narrow  hilly  strip  of  the  San  Francisco  Peninsula  stretches  30  miles 
southward  from  the  Golden  Gate  between  Bay  and  ocean,  tapering  in 
width  from  7  miles  at  its  tip  to  approximately  21  where  it  merges  with 
the  mainland.  On  the  Bay  side  it  is  bordered  with  mud  flats  and  salt 
marshes;  on  the  ocean,  with  rugged  cliffs  and  sandy  beaches.  The  tip 
of  the  Peninsula,  walled  off  from  the  south  by  the  steep  narrow  ridge  of 
San  Bruno  Mountain  (1,315  alt.),  is  a  rough  square  with  jagged  out- 
lines, scored  haphazardly  by  rocky  hills  and  winding  valleys,  once  a 
rolling  waste  of  sand  dunes  and  marsh-girt  lagoons.  In  the  center  of 
this  area  rises  a  dominant  crescent-shaped  range,  culminating  in  Twin 
Peaks  (904  alt.),  Mount  Davidson  (916  alt.),  and  Mount  Sutro  (909 
alt.).  Southward  spreads  a  zone  of  billowing  hills,  merging  into  San 
Bruno  Mountain.  Beyond  troughlike  Merced  Valley,  cutting  from 
Bay  to  ocean  parallel  with  San  Bruno  Mountain,  the  Peninsula  is 
scored  with  parallel  ridges  running  north  and  south — among  them, 
Buriburi  Ridge  (700  alt.),  the  Sawyer  Ridge  (about  1,200  alt.),  and 
Montara  Mountain  (1,952  alt.).  Between  the  Buriburi  and  Sawyer 


Ridges  lies  a  1 5-mile- long  segment  of  the  San  Andreas  Rift  Valley, 
following  the  course  of  the  San  Andreas  earthquake  fault.  Farther 
south  the  Santa  Cruz  Mountains,  of  which  these  Peninsula  ridges  are 
the  northern  offshoots,  lift  their  wooded  slopes  to  greater  heights.  Some 
80  miles  from  the  tip  of  the  San  Francisco  Peninsula  they  taper  off  into 
low  hills  where  Monterey  Bay  cuts  its  crescent  line  into  the  coast. 

The  Golden  Gate  is  but  a  narrow  break  in  the  great  mountain  chain 
of  the  Coast  Range,  which  continues  northwest  up  the  Marin  Peninsula 
under  the  name  of  the  Bolinas  Ridge.  An  irregularly  shaped,  deeply 
and  intricately  dissected  mountain  mass,  the  Marin  Peninsula  is  criss- 
crossed by  ridges  radiating  from  its  highest  point,  at  the  southern  end 
of  the  Bolinas  Ridge — Mount  Tamalpais  (2,604  alt.).  The  deep 
canyons  that  scar  the  flanks  of  the  ridges  widen  into  gently  sloping 
valleys  merging  with  salt  marshes  on  the  Bay  side;  on  the  ocean  side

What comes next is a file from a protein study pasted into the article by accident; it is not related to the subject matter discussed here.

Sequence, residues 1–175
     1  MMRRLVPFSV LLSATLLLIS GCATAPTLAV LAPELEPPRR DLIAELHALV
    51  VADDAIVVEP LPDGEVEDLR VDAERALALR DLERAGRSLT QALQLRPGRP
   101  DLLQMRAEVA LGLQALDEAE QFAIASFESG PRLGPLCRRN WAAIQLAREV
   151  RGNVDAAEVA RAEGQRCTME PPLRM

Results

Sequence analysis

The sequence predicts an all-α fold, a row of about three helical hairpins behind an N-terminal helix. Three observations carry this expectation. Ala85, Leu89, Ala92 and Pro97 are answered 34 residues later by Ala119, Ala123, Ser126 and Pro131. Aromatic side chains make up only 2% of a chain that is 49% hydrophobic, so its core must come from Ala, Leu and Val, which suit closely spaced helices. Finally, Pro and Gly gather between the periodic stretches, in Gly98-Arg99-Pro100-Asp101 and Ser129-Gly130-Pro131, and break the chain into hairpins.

they  twist  tortuously  to  the  sea,  where  the  hillsides  end  abruptly  in 
sheer  cliffs.  Paralleling  the  Bolinas  Ridge  on  the  west  is  the  long 
narrow  valley  which  follows  the  course  of  the  San  Andreas  fault.  Its 
northern  reaches  are  filled  with  the  waters  of  marsh-bordered  Tomales 
Bay,  extending  southeastward  like  a  thin  finger,  laid  along  a  line  as 
straight  as  if  it  had  been  sheared  off  with  a  knife.  To  the  west,  hilly, 
triangular  Point  Reyes  Peninsula  juts  into  the  ocean  like  a  plowshare, 
sheltering  behind  its  long  promontory  curving  Drake's  Bay  with  its 
white-faced  cliffs  like  the  chalk  cliffs  at  Dover.  East  of  the  Marin 
Peninsula's  hilly  mass  the  flat  reaches  of  Sonoma  and  Napa  Valleys 
merge  into  tule  marshes  at  the  Bay's  edge,  divided  from  each  other  by 
the  gentle  slopes  of  the  mountains. 

Along  the  Bay's  eastern  shore,  beyond  the  narrow  coastal  plain, 
stretches  the  serrated  skyline  of  the  Berkeley  Hills,  culminating  in  Bald 
Peak  (1,930  alt.)  ;  and  behind,  across  a  line  of  narrow,  shallow  valleys, 
rise  the  rugged  crests  of  a  parallel  ridge  culminating  in  Rocky  Ridge 
(2,000  alt.).  To  the  east,  broad  flat  Ygnacio  Valley  extends  north  to 
the  shores  of  Suisun  Bay  and  south  into  the  narrow,  level  San  Ramon 
Valley.  From  the  valley's  edge  steep  slopes  rise  in  long  sweeping  lines 
to  the  summit  of  Mount  Diablo  (3,849  alt.).  To  the  south,  San 
Ramon  Valley  meets  narrow,  4O-mile-long  Livermore  Valley.  Beyond, 
the  ridges  of  the  Mount  Diablo  Range  extend  to  meet  the  Mount  Ham- 
ilton Range,  paralleling  the  Peninsula  ridges  and  the  Santa  Cruz  Moun- 
tains across  the  Bay. 

South  of  the  Bay's  southern  tip,  the  fertile  plains  of  the  Santa  Clara 
Valley  extend  for  70  miles  between  the  walls  of  the  Mount  Hamilton 
(4,029  alt.)  Range  and  the  Santa  Cruz  Mountains,  15  miles  apart — a 
long,  narrow  extension  of  that  same  valley  whose  upper  reaches,  now 
submerged,  are,  the  Bay  itself.  From  the  marshes  of  the  Bay's  southern 

THE     BAY     AND     THE     LAND  9 

end,  the  valley  floor  slopes  upward  gradually  toward  the  south,  where 
offshoots  of  the  two  mountain  ranges  curve  inward  and  enclose  it. 


The  Bay  of  San  Francisco  and  its  shores  share  with  the  rest  of  the 
Coast  the  moderate  climate  which  it  owes  chiefly  to  the  prevailing  winds 
off  the  Pacific.  Because  of  the  break  in  the  coast  line  the  region  has  a 
climate  even  milder  than  enjoyed  elsewhere  along  the  Coast,  because  it 
receives  more  than  its  share  of  ocean-cooled  air  currents,  sucked  in  by 
forced  draft  through  the  Golden  Gate.  Their  deflection  in  various 
directions  by  the  hills  gives  contingent  sections  widely  differing  weather. 

At  the  tip  of  the  San  Francisco  Peninsula,  the  mean  annual  tem- 
perature is  56.4°  F. ;  the  mean  temperature  of  the  coldest  month,